Everyone has the right to liberty and security of person. No one shall be deprived of his liberty save in the following cases and in accordance with a procedure prescribed by law:
...
(c) the lawful arrest or detention of a person effected for the purpose of bringing him before the competent legal authority on reasonable suspicion of having committed an offence or when it is reasonably considered necessary to prevent his committing an offence or fleeing after having done so;
...
3.
Everyone arrested or detained in accordance with the provisions of paragraph 1 (c) of this Article shall be brought promptly before a judge or other officer authorised by law to exercise judicial power and shall be entitled to trial within a reasonable time or to release pending trial. Release may be conditioned by guarantees to appear for trial. 4. Everyone who is deprived of his liberty by arrest or detention shall be entitled to take proceedings by which the lawfulness of his detention shall be decided speedily by a court and his release ordered if the detention is not lawful ...
(a) As to the applicant’s retention in the courtroom for approximately two hours on 30 May 2017
86.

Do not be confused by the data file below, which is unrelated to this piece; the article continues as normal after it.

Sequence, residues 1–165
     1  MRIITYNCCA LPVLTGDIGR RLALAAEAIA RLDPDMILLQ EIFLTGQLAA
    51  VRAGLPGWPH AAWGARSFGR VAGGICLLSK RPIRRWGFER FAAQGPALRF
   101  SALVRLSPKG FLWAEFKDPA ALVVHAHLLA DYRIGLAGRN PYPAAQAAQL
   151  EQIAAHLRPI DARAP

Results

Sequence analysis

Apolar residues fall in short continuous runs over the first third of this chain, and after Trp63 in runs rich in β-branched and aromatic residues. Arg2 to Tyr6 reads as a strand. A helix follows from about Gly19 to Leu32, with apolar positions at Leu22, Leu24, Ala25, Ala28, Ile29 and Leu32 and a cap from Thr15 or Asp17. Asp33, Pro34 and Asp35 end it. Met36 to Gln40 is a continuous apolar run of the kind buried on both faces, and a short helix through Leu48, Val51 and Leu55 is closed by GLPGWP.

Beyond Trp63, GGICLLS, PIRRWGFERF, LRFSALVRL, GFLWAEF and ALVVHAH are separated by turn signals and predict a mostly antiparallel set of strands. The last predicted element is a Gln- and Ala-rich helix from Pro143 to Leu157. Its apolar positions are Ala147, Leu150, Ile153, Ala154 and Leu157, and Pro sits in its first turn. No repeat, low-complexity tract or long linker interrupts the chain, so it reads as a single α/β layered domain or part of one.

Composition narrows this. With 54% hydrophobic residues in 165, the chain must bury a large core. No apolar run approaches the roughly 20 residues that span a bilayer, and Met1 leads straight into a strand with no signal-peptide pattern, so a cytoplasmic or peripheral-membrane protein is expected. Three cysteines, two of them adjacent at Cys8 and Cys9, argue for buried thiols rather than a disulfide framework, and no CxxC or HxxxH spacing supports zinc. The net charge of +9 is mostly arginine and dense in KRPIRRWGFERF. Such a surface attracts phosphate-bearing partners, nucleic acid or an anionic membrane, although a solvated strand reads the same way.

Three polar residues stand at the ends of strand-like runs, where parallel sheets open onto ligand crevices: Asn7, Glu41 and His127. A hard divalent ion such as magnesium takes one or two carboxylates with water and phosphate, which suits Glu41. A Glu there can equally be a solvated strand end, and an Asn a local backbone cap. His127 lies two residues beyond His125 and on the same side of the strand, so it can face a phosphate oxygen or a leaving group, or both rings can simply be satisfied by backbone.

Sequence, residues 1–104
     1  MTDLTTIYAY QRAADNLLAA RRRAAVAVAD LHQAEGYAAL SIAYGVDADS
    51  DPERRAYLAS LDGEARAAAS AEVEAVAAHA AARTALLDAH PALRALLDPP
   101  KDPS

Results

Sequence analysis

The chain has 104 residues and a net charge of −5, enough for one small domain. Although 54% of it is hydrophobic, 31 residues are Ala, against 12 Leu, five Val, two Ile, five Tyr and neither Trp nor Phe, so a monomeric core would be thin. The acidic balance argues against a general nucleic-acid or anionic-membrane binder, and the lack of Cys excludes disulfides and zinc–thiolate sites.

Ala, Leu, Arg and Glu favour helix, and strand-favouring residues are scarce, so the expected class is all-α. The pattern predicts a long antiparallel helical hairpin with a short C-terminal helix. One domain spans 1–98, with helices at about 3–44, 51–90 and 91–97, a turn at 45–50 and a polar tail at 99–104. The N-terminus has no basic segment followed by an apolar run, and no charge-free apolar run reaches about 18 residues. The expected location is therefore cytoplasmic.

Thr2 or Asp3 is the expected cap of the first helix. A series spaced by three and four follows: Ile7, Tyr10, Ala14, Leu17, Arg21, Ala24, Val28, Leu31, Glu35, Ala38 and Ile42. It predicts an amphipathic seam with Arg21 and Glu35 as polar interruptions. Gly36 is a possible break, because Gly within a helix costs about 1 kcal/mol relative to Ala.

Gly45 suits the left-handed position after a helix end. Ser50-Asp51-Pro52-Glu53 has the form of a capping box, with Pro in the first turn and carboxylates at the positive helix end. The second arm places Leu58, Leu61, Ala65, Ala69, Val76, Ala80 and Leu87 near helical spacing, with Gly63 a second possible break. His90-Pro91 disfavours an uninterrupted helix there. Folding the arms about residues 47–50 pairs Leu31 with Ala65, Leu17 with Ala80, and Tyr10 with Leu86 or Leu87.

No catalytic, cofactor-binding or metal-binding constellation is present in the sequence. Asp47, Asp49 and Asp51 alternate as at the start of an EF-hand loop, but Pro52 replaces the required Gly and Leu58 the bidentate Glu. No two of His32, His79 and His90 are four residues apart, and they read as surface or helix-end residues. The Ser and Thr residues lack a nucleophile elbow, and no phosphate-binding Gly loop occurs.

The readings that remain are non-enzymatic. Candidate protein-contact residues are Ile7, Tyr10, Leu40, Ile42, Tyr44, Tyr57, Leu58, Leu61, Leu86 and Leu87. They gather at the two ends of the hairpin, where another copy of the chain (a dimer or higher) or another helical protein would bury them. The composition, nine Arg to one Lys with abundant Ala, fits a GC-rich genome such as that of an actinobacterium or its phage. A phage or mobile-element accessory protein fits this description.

The Government submitted that the events of 30 May 2017 at the Court of Appeal had been exceptional: the applicant had been confined only for a short period of time in the interests of his own safety and public order. In response to aggressive behaviour by a group of people, police officers present in the courtroom had tried to stop that group of people and ensure the applicant’s safety. The applicant reiterated his complaint. 87. The Court observes that it is unclear to what extent the applicant’s inability to freely leave the courtroom for a little more than two hours, between the announcement of the Court of Appeal’s decision to release him immediately and until a fresh decision to arrest him was taken by an investigator, was imputable to the police authorities or was the result of a factual situation created by private persons present in the courtroom (seeparagraph 10 above). In the Court’s view, to the extent that it can be considered that the police officers present in the courtroom prevented the applicant from leaving immediately, the particular situation must be seen as a restriction on the applicant’s freedom of movement rather than a deprivation of liberty within the meaning of Article 5 of the Convention (see Austin and Others v. the United Kingdom GC, no. 39692/09 et al., §§ 52-69, 15 March 2012, where the background situation was different but which also involved restrictions temporarily made necessary by the behaviour of third parties). Having regard to the specific circumstances and relatively short duration of the applicant’s having been blocked in the courtroom, the Court considers that Article 5 of the Convention did not apply. Noting, in addition, that the applicant’s submissions cannot be interpreted as containing, in substance, a complaint under Article 2 of Protocol No. 4 to the Convention, the provision concerning the liberty of movement, the Court finds that the complaint at issue must be rejected, in accordance with Article 35 §§ 3 and 4 of the Convention, as being incompatible ratione materiae with its provisions. 88. In any event, to the extent that it can be considered that the applicant was in a situation where his right to liberty was threatened by the public present in the courtroom and the above-mentioned circumstances could be seen as giving rise to a positive obligation on the State to protect his liberty (see, for example, Storck v. Germany, no. 61603/00, §§ 101-02, ECHR 2005‐V), the Court considers that in the present case there is no indication of any failure to discharge that obligation. 89. Bearing in mind that the aggressive behaviour of private persons who were present in the courtroom occurred immediately after the pronouncement of the Court of Appeal’s decision concerning the applicant’s release, it is difficult for the Court to see any other practical solution available to the authorities which could have effectively stopped the incident at once, while ensuring the applicant’s liberty and physical safety in accordance with their Convention duty to protect the life of arrested and detained persons (see, mutatis mutandis, Keller v. Russia, no. 26824/04, § 88, 17 October 2013). Furthermore, the Court notes that the applicant has not claimed that there was something different that the authorities should have done in the circumstances to ensure at the same time his liberty and safety immediately after the pronouncement of the Court of Appeal’s decision concerning the applicant’s release. (b) As to the unlawfulness of the applicant’s “re-arrest” by the investigator on 30 May 2017